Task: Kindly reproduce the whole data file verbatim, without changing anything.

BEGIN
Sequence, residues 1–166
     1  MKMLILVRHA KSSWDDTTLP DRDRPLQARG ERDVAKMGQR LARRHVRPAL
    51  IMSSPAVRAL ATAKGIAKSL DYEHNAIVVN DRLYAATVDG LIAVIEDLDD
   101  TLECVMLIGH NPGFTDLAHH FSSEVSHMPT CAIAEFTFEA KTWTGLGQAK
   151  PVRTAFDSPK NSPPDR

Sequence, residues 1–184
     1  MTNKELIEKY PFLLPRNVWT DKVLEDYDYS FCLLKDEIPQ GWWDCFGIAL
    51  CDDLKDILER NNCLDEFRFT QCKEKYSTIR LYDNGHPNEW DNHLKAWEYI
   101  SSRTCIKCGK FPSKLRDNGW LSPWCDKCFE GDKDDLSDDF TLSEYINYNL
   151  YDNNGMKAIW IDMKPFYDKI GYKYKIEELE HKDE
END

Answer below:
Sequence, residues 1–166
     1  MKMLILVRHA KSSWDDTTLP DRDRPLQARG ERDVAKMGQR LARRHVRPAL
    51  IMSSPAVRAL ATAKGIAKSL DYEHNAIVVN DRLYAATVDG LIAVIEDLDD
   101  TLECVMLIGH NPGFTDLAHH FSSEVSHMPT CAIAEFTFEA KTWTGLGQAK
   151  PVRTAFDSPK NSPPDR

Sequence, residues 1–184
     1  MTNKELIEKY PFLLPRNVWT DKVLEDYDYS FCLLKDEIPQ GWWDCFGIAL
    51  CDDLKDILER NNCLDEFRFT QCKEKYSTIR LYDNGHPNEW DNHLKAWEYI
   101  SSRTCIKCGK FPSKLRDNGW LSPWCDKCFE GDKDDLSDDF TLSEYINYNL
   151  YDNNGMKAIW IDMKPFYDKI GYKYKIEELE HKDE